If the freeholder is going to pursue non-payment of service charges which is highly likely then they are going to be responsible for the initial outlay.
Many old leases (i.e. written before 1996) will not contain a specific clause applicable in this situation. Some, such as my own simply state that the Lessee is ‘to pay the Lessor all costs, charges and expenses (including legal costs and fees payable to a Surveyor) which may be incurred by the Lessor in (or in contemplation of) any proceedings under s146 (restrictions on and relief against  forfeiture of leases and underleases) and s147 of the Law of Property Act 1925′ (relief of notice to effect decorative repairs). Whilst it may be arguable that issuing a claim for the payment of the service charges and ground rent is a precursor to forfeiture proceedings using it as an argument to for recovery must be given very careful consideration as a) it may be challenged which will increase costs and b) forfeiture (the taking back of the lease before its natural expiry) may ultimately prove to be unworkable.

However under s146(3) of the Law of Property Act 1925 an obligation is imposed on all leaseholders to pay the “reasonable costs and expenses properly incurred by the lessor in the employment of a solicitor and surveyor or valuer or otherwise in reference to any breach giving rise to the right of re-entry or forfeiture”. This obligation is regardless of whether the lease allows the recovery of legal costs from an individual leaseholder or not.

Technically such costs are classed as administration charges and providing that recovery is reasonable then they can be recouped from the individual. This is not to be confused with costs recouped as a service charge paid on an apportioned basis by all leaseholders.

In cases where the lease reserves the service charge as rent and provides that it is recoverable as rent, there is no need to serve a section 146 notice as a precursor to forfeiture proceedings in the event of non-payment. Such service charges nevertheless fall within the statutory definition of “service charges” under s18(1) of the Landlord and Tenant Act 1985 and are therefore subject to statutory protection. Consequently, forfeiture of the lease for a non payment of service charges reserved as rent is subject to restrictions on forfeiture that are imposed by s81 of the Housing Act 1996. These largely mirror the requirements of s168 of the 2002 Act. This same section also contains provisions allowing recovery of the Landlords costs, specifically ‘a lessor shall be entitled to recover as a debt due to him from a lessee, and in addition to damages (if any), all reasonable costs and expenses properly incurred by the lessor in the employment of a solicitor and surveyor or valuer, or otherwise, in reference to any breach giving rise to a right of re-entry or forfeiture which, at the request of the lessee, is waived by the lessor, or from which the lessee is relieved, under the provisions of this Act’.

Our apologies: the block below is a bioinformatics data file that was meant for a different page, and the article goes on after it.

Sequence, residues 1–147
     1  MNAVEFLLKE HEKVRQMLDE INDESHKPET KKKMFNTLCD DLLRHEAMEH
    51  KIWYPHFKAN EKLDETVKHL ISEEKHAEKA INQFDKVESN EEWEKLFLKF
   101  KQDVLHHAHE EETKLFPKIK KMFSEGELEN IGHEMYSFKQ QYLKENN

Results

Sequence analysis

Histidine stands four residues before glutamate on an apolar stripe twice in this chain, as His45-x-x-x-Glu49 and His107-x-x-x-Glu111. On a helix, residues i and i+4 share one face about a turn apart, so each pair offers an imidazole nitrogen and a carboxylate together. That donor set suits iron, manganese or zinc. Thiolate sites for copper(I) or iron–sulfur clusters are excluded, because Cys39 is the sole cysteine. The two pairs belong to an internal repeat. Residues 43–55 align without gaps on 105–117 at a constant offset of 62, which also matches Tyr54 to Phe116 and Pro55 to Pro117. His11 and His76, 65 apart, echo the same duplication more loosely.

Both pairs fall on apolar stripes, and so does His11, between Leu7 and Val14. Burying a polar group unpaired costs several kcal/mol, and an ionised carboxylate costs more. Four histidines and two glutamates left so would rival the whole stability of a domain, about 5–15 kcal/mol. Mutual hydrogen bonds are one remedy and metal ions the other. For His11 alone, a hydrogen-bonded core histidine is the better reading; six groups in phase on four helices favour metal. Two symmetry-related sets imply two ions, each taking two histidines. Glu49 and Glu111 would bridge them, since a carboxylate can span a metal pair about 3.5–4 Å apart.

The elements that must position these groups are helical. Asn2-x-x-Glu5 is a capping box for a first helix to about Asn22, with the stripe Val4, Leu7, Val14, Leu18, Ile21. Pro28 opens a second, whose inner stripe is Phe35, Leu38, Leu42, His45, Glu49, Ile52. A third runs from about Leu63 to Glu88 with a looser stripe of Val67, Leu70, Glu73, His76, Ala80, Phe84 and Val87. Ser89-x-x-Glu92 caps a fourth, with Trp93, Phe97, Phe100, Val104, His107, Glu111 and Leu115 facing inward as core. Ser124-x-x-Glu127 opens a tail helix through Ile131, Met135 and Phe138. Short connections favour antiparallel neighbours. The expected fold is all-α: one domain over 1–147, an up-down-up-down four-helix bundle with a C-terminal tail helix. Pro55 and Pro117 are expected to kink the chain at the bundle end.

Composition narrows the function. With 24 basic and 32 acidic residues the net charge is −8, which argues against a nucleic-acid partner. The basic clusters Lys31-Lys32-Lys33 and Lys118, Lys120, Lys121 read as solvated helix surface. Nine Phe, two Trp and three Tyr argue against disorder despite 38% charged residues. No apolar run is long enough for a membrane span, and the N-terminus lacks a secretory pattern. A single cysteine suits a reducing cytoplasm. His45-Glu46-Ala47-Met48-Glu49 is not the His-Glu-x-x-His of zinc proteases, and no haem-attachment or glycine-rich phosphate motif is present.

There are two distinct categories of leaseholders who fall behind in their service charge payments: some who can’t pay and some who won’t pay.

The first scenario can be where the leaseholder may have hit financial difficulties resulting from issues such as being made redundant, suffering ill-health or both. Falling into arrears in this kind of situation is a) not a deliberate withholding of payment and b) not a deliberate breach of the lease covenant but the fact that such serious changes in circumstances further down the line (sometimes many years down the line) may well put the ability to continue to meet payment obligations into the waste-bin. This is no different to a radical change in circumstances when a mortgage or a credit card was taken out as most people enter into them in good faith.

The second  (and the absolute worst) are those that simply don’t want to pay. They don’t offer any explanation, and they don’t use their right to challenge the charges through the courts if they feel they are unreasonable. They deploy all sorts of delaying tactics and when placed under pressure they may enter into a payment plan but renege on it, again with no explanation. They may even pay simply when they feel like it!

I have personal experience of falling behind with service charge payments due to my partner being made redundant and him having both mental and physical health problems. Our managing agent gets regular e-mails about our financial affairs, along with my partners sick certificates and hospital release forms and because we take the issue seriously we also have a charge placed against our property where our mortgage lender covered a shortfall some time back.

My advice would be that if leaseholders’ fall into the first category, they should first tell the freeholder or managing agent! Unless these parties are advised, they will continue to send out demands (which usually contain a threat of legal action) without having the slightest idea what the lessees are having to deal with and as a result inadvertently worsen their already existing conditions!

If the inability to pay is very short-term, again, tell the relevant parties. You may well be able to likely to arrange a payment plan to take off the heat!

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